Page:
April 6, 2015 3:39 pm·
It’s impossible to detach public history and collective memory from contemporary politics. How a society portrays the past is determined by current realities, contemporary values or interests, as well as the dominant, “preferred” narratives of history. But the government and public institutions don’t have a monopoly over the past ; where civic engagement is strong, grassroots organizations and local activists have the agency to alter the dominant historical narrative or, indeed, offer a new one altogether. When I was in Budapest a couple of weeks ago, I witnessed two striking examples of how a sense of civic engagement can influence the politics of memory.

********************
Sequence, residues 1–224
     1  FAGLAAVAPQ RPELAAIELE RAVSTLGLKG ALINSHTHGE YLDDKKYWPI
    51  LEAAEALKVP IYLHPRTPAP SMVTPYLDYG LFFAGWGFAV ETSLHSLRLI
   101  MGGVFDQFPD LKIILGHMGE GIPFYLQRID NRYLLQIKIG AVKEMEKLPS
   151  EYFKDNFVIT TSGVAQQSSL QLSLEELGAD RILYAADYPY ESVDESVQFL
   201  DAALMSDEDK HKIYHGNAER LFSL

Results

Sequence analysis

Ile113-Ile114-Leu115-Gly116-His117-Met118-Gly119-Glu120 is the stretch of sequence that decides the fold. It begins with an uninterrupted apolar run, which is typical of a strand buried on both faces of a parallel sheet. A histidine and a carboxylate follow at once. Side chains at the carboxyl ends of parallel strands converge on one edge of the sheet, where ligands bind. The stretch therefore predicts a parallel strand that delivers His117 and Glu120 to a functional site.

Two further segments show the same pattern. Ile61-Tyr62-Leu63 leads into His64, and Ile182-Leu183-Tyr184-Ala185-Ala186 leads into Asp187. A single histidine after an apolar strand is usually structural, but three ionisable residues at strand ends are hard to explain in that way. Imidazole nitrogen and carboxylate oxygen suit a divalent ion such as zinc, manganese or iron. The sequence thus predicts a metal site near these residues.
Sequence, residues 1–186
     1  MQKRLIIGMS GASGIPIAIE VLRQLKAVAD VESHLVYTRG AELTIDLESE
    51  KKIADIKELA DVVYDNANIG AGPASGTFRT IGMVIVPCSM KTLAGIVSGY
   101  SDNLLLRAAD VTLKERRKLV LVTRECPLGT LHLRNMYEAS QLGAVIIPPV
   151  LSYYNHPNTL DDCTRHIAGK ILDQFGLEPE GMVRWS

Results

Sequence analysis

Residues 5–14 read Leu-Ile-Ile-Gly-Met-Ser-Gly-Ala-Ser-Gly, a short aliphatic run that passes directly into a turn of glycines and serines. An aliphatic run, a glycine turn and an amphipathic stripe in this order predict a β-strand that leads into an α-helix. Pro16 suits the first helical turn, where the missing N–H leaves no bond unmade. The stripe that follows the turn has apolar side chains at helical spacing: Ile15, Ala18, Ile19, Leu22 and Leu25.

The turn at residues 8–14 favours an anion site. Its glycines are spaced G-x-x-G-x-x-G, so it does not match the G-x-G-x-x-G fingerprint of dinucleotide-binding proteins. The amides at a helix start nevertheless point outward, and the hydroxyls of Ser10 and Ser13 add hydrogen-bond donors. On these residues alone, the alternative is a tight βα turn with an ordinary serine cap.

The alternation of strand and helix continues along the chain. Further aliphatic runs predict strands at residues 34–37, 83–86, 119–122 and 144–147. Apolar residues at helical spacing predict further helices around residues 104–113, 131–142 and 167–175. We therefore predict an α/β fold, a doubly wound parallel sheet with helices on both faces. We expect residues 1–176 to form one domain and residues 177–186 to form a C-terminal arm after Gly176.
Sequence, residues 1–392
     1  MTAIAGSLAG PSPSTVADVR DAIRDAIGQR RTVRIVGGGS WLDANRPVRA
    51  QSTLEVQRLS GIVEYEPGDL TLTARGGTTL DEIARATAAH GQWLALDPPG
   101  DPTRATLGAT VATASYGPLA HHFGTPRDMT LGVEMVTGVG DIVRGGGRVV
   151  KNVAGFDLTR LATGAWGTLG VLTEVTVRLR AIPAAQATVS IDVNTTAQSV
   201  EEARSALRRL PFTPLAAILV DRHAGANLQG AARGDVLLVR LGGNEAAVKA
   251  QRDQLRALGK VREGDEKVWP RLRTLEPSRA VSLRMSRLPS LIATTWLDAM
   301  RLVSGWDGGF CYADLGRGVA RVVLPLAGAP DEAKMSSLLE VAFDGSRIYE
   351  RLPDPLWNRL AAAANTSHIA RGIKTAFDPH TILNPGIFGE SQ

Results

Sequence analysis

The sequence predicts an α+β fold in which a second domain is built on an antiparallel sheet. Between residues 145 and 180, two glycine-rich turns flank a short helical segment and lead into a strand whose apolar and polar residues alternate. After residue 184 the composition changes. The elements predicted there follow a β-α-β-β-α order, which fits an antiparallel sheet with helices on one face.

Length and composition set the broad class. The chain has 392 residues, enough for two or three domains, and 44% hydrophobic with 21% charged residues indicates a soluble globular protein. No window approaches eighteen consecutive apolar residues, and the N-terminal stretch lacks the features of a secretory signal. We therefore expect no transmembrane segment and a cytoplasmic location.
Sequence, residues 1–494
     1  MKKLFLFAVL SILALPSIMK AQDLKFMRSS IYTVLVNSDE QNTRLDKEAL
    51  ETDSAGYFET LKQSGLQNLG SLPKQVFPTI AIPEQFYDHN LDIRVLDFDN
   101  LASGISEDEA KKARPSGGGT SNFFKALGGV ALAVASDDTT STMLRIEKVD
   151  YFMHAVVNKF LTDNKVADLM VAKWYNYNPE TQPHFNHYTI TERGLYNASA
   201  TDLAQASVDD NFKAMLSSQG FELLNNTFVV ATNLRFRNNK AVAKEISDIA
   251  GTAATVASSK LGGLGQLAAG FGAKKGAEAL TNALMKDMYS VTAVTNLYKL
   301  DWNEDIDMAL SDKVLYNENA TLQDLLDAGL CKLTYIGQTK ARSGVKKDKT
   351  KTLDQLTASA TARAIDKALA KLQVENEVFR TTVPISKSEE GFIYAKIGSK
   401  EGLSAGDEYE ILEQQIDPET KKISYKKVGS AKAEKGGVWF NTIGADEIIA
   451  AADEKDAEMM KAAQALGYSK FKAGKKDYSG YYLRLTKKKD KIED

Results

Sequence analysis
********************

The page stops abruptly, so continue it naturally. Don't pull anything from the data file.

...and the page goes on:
I often tell friends who are planning to visit Budapest, that the Hungarian capital’s most important and most telling monument is an alternative Holocaust memorial established in Freedom Square (Szabadság tér), just over a year ago, when Prime Minister Viktor Orbán government began constructing a monstrous monument commemorating Hungary’s occupation by Nazi Germany and portraying the country as a passive, innocent victim of the Germans. A group of remarkably dedicated activists erected their own “makeshift” monument consisting of photographs of “ordinary” victims, personal mementos, shoes, votive candles, flowers and rocks. These activists communicate and organize through Facebook. Not only do they now form a coherent community, but they are starting to redefine Freedom Square. Anyone can add to the memorial and it changes from month-to-month. In stark contrast to the grandiose and static bronze heroes on horseback, this monument is modest, but it’s also dynamic and a powerful example of how to challenge (and deconstruct) the grand narrative of history.